Pollution threatens Canyon Watershed


    By Christopher Seifert

    Members of the Park City community and the Utah Division of Water Quality are working to preserve the water supply in the East Canyon Watershed.

    The water is threatened for a number of reasons, including nutrient discharge from the East Canyon Watershed Treatment Plant and from lawn fertilizers. Excessive water runoff due to unpaved roads and agriculture also contributes to the problem.

    “A lot of the problems are coming from development,” said Suzanne Hill, water quality specialist for Bio-West, an environmental consulting firm working with the Utah Division of Water Quality to monitor pollutants in the East Canyon Watershed.

    The presence of excess nutrients in the water is a major problem faced by the water supply.

    “It”s listed as an impaired water body because it does not meet state standards for dissolved oxygen and phosphorous levels,” said Melissa Stamp, a watershed scientist for Bio-West.

    The state standard for phosphorous levels in a river or a stream is .05 milligrams per liter.

    “The phosphorous levels are not higher at all places and at all times, but the medians are higher at stations above the East Canyon Reservoir,” Stamp said.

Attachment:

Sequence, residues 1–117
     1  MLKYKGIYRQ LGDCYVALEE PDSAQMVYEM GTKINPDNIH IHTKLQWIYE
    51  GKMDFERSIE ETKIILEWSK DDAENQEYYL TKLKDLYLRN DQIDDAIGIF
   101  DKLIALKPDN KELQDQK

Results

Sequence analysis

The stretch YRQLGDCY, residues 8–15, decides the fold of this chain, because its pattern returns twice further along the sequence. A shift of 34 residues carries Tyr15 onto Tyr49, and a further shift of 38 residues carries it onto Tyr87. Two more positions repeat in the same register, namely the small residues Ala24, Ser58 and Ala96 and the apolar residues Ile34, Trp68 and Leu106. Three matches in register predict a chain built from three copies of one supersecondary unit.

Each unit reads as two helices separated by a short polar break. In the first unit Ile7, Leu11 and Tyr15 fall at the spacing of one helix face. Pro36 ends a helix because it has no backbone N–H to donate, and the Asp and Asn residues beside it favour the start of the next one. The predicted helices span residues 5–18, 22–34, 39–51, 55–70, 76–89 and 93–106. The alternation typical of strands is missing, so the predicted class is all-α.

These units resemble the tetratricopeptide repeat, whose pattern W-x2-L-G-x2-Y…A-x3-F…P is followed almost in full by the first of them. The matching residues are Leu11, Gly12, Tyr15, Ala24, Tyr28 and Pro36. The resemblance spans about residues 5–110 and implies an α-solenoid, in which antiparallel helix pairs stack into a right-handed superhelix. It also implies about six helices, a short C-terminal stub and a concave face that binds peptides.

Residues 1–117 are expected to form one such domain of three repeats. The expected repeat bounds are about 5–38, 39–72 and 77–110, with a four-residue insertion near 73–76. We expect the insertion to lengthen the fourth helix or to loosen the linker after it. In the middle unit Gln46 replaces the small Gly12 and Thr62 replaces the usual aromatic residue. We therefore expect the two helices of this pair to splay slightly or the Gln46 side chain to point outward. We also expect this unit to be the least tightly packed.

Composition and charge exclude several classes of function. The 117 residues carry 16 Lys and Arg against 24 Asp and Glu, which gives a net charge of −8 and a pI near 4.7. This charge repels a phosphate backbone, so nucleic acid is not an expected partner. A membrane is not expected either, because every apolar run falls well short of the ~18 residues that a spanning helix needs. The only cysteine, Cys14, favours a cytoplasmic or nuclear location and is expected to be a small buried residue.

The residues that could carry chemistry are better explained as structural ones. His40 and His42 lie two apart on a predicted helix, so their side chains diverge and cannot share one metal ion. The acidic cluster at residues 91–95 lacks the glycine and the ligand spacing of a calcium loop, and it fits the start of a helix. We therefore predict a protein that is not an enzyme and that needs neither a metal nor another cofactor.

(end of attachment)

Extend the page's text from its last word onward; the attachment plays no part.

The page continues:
The increased levels of phosphorous and dissolved oxygen alter the biological balance in the watershed.

    “The additional nutrients stimulate excessive biological growth such as algae and macrophytes,” said John Whitehead, watershed coordinator for the Weber System with the Division of Water Quality. “The stream is just choked with macrophytes.”

    The increased levels of algae and macrophites create something known as an “oxygen sag” at night. The lower oxygen levels put stress on the fish population in the watershed.

    While East Canyon Creek once supported healthy populations of both trout and Kokanee salmon, the salmon have died out entirely and the trout numbers are dwindling.

    The Utah Division of Water Quality completed a study in 2000 and offered suggestions for salvaging the water supply.

    Those suggestions have led to the implementation of some unique solutions to the problem.

    For example, the East Canyon Watershed Treatment Plant has become the first treatment plant in the state of Utah to remove chemical phosphorous from the water.

    “The reason we”re focusing on phosphorous is it”s controllable,” Whitehead said.

    Nitrogen is another abundant nutrient found, but it is not as easy to treat, Whitehead said.

    “This is an expensive high-level treatment,” he said, referring to the phosphorous removal.

    Hill suggests several ways local residents can help maintain water quality.

    “Don”t wash your car in the driveway, recycle, keep you car tuned up and don”t water your driveway and sidewalks,” she said. “By washing your car in the driveway you wash pollutants into the gutters and right into the stream.”

    Hill said it is also important not to dump paints or household chemicals into storm drains.

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